I don’t like any of his policy positions, but the fellow has really done well for himself and his family. I can’t really criticize him, but I do have doubts about every single voter who voted for him. As for Mike and his ability to milk the electorate to his own personal advantage, he, like Sarah, seems to be a superstar.

  7. Roger Elgersma

    bearcreekbat is right. Both Rounds and South Dakota values sound much better than they actually are.

  8. larry kurtz

    10th Amendment, my pink glutei. GOPers are seizing on Rounds’ vote against confirmation for Loretta Lynch while voting for cloture: hypocrisy is the Republican way.

    http://politics.nytimes.com/congress/votes/114/senate/1/164

  9. Yeah, Paul, I thought Rounds was going to abolish the Department of Education. Where’s that bill?

  10. Deb, I’m stumped by the compositional deficiency of the essay, as well as by the book’s editors’ willingness to publish such deficient composition. Rounds doesn’t even cite minority opinion or other counterarguments to tell us why the Supreme Court got those two cases wrong. He doesn’t cite other cases that affirm the Tenth Amendment. Rounds’s “chapter” in this Tea Party “book” is just words.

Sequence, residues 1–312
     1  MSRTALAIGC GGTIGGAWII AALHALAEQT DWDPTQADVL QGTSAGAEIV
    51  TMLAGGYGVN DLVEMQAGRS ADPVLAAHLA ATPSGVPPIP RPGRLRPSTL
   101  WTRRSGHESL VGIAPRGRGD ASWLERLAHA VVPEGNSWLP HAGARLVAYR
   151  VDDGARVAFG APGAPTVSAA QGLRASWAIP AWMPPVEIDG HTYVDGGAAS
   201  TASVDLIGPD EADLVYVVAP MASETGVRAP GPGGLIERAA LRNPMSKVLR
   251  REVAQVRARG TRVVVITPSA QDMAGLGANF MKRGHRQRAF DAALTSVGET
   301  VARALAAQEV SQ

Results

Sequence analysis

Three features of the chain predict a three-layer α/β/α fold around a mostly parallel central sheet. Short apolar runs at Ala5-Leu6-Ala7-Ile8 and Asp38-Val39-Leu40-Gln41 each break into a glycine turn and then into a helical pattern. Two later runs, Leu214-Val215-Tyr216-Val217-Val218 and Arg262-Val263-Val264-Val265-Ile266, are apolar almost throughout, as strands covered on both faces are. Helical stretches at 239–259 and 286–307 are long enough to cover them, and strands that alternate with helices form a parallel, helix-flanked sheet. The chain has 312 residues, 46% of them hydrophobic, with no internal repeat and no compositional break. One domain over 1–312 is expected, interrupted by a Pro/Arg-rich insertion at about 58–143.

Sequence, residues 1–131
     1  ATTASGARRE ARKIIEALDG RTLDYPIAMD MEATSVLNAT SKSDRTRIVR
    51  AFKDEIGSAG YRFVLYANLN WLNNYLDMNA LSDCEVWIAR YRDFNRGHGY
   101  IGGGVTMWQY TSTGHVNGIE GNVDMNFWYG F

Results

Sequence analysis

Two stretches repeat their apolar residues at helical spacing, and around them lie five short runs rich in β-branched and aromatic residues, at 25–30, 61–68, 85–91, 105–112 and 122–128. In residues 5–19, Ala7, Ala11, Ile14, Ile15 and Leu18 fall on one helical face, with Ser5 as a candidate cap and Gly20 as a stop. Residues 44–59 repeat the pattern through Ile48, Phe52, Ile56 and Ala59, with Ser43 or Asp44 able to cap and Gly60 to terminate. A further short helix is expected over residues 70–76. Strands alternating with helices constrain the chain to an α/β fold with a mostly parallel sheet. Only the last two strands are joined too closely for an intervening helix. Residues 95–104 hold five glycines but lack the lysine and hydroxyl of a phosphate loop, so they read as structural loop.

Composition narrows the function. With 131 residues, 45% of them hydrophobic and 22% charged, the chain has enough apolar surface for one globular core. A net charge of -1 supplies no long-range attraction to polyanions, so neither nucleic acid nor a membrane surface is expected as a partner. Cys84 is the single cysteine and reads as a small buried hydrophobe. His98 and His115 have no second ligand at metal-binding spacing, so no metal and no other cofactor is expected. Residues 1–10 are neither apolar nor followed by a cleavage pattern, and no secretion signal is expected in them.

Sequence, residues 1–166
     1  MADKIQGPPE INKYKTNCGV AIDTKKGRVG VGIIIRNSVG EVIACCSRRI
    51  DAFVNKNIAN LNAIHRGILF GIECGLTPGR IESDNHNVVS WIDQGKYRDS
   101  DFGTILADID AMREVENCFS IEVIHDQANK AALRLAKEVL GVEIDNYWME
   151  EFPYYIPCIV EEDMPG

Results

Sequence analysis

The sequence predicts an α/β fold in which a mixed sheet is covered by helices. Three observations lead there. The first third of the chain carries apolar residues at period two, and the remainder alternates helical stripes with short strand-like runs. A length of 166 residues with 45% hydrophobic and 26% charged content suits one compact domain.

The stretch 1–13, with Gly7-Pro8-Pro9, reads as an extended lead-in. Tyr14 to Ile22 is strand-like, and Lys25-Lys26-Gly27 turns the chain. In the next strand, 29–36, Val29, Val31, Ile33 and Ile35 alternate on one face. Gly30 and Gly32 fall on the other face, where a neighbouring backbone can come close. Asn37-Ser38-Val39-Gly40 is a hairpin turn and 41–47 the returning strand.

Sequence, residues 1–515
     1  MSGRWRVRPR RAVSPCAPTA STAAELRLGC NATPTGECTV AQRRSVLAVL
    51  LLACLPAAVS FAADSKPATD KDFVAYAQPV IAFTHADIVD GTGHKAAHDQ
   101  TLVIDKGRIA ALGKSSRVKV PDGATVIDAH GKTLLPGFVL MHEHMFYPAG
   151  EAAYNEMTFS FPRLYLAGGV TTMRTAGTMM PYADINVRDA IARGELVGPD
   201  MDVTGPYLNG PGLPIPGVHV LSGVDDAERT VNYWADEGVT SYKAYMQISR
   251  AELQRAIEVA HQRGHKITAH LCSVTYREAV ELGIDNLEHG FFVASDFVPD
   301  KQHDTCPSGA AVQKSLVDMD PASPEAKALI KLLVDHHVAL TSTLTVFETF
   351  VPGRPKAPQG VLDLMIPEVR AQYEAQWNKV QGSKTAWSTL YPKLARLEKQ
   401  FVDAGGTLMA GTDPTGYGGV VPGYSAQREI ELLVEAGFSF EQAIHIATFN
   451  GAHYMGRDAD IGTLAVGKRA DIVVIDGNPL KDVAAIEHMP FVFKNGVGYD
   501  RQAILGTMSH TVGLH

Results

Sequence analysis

11. Paul Seamans

    Quite humorous bearcreekbat. Cory, I think that Mike is going to abolish the EPA before he starts work on the Dept. of Education. Right after he finishes building the Keystone XL with all the new jobs. Patience man, patience.

  12. Patience–Haitians! I want it all, and I want it now!

  13. Growing up I didn’t think SD could ever elect a more useless person to go to Washington DC then Larry Pressler. Well SD now has 2 people in DC that are even worse Larry Pressler, those being Noem and Rounds.

    Both Noem and Pressler are just like Pressler with a couple of items they keep repeating over and over every time they open their mouths. No action or solutions, just repeat the same slogan over and over.

  14. And yet the formula works, Scott! What will it take to convince South Dakotans to elect someone intelligent and diligent about proposing real solutions?